48 CFR 7.104 - General procedures.
(a) Acquisition planning should begin as soon as the agency need is identified, preferably well in advance of the fiscal year in which contract award or order placement is necessary. In developing the plan, the planner shall form a team consisting of all those who will be responsible for significant aspects of the acquisition, such as contracting, fiscal, legal, and technical personnel. If contract performance is to be in a designated operational area or supporting a diplomatic or consular mission, the planner shall also consider inclusion of the combatant commander or chief of mission, as appropriate. The planner should review previous plans for similar acquisitions and discuss them with the key personnel involved in those acquisitions. At key dates specified in the plan or whenever significant changes occur, and no less often than annually, the planner shall review the plan and, if appropriate, revise it.
(b) Requirements and logistics personnel should avoid issuing requirements on an urgent basis or with unrealistic delivery or performance schedules, since it generally restricts competition and increases prices. Early in the planning process, the planner should consult with requirements and logistics personnel who determine type, quality, quantity, and delivery requirements.
(c) The planner shall coordinate with and secure the concurrence of the contracting officer in all acquisition planning. If the plan proposes using other than full and open competition when awarding a contract, the plan shall also be coordinated with the cognizant advocate for competition.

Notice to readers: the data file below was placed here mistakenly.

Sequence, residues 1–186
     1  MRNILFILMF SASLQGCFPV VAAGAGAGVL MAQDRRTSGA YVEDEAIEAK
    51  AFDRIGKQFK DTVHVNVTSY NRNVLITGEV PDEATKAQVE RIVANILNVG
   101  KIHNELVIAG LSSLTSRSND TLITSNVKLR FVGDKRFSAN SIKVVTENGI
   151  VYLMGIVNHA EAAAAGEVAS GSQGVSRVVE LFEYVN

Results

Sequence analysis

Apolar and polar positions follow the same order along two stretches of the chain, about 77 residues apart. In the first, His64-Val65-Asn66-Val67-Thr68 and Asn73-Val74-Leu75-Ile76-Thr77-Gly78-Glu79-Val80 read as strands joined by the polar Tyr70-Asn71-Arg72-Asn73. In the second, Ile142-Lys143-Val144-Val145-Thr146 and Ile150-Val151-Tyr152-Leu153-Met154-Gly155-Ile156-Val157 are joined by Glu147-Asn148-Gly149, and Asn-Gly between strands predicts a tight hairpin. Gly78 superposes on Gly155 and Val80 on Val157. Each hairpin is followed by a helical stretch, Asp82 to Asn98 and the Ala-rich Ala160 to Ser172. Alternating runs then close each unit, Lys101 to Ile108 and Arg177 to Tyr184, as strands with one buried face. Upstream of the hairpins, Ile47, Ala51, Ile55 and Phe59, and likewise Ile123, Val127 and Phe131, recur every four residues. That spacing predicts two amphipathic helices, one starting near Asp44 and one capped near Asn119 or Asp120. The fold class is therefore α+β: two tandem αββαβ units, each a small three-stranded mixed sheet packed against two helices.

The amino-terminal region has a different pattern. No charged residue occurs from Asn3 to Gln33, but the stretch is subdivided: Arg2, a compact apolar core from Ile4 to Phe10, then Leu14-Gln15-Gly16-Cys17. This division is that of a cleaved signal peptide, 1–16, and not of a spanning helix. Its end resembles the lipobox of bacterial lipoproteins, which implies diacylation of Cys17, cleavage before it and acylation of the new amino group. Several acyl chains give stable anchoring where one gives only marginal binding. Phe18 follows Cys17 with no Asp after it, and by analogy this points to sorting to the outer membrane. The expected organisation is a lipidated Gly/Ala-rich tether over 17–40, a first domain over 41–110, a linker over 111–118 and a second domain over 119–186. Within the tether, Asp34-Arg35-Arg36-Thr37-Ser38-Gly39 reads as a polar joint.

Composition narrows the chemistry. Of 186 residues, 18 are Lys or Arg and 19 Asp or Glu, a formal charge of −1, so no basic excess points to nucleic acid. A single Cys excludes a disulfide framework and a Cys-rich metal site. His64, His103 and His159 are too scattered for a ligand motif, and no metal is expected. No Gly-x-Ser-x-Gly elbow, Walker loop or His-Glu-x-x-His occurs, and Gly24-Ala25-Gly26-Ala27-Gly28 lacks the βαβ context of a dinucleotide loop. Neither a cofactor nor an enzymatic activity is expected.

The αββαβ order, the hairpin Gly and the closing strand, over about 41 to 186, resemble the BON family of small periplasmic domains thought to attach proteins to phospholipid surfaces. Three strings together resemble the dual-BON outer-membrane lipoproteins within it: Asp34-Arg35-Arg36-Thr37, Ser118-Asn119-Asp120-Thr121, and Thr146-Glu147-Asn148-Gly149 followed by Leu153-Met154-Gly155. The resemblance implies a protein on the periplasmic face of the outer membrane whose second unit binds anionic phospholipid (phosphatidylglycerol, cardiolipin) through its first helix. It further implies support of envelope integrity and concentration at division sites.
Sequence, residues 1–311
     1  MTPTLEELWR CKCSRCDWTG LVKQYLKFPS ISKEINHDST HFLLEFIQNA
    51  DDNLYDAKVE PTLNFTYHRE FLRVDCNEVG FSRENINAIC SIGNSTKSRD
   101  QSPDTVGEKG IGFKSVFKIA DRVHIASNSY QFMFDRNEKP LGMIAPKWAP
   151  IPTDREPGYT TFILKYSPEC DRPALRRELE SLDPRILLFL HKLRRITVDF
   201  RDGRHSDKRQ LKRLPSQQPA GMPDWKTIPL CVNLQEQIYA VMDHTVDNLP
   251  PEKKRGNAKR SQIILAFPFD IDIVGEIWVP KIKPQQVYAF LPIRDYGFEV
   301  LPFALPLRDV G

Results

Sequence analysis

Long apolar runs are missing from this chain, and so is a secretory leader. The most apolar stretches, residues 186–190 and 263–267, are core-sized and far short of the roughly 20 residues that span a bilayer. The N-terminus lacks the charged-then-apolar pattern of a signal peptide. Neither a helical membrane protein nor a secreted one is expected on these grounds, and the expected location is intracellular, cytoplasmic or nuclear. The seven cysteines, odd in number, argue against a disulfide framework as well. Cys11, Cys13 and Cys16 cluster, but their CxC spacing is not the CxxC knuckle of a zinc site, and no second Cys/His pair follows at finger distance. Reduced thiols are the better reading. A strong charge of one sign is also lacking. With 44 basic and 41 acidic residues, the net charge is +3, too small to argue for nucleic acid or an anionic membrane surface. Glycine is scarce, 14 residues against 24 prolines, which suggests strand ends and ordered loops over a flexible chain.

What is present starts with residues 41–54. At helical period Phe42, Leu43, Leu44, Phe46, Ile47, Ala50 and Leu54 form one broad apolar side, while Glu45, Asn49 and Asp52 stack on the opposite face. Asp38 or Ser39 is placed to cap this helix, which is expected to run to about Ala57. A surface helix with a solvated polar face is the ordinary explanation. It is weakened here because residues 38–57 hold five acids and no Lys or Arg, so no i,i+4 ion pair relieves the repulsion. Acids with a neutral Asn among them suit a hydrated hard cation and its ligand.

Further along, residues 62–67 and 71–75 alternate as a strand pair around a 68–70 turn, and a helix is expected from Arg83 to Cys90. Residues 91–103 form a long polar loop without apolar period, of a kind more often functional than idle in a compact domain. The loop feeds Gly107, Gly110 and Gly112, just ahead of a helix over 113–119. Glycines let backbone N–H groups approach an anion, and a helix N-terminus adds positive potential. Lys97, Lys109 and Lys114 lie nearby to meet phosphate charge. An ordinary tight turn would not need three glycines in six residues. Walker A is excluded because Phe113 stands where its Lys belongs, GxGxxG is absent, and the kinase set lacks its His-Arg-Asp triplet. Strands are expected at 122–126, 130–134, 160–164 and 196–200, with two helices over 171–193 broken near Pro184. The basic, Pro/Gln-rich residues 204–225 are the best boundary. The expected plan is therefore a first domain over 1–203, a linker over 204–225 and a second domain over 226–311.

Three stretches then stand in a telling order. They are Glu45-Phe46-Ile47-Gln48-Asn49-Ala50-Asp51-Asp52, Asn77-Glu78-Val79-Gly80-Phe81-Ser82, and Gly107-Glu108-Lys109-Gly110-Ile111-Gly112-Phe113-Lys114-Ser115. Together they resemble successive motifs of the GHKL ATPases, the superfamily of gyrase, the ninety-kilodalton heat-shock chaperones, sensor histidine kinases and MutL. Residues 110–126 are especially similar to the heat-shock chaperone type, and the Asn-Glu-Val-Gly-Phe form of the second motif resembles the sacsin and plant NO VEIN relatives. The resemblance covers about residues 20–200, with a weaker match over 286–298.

(1) The planner shall coordinate the acquisition plan or strategy with the cognizant small business specialist when the strategy contemplates an acquisition meeting the dollar amounts in paragraph (d)(2) of this section unless the contract or order is entirely reserved or set-aside for small business under part 19. The small business specialist shall notify the agency Office of Small and Disadvantaged Business Utilization if the strategy involves contract bundling that is unnecessary, unjustified, or not identified as bundled by the agency. If the strategy involves substantial bundling, the small business specialist shall assist in identifying alternative strategies that would reduce or minimize the scope of the bundling.
(A) $8 million or more for the Department of Defense;
(B) $6 million or more for the National Aeronautics and Space Administration, the General Services Administration, and the Department of Energy; and
(C) $2.5 million or more for all other agencies.
(ii) If the strategy contemplates the award of multiple contracts or orders, the thresholds in paragraph (d)(2)(i) of this section apply to the cumulative maximum potential value, including options, of the contracts and orders.
(e) The planner shall ensure that a COR is nominated as early as practicable in the acquisition process by the requirements official or in accordance with agency procedures. The contracting officer shall designate and authorize a COR as early as practicable after the nomination. See 1.602-2(d).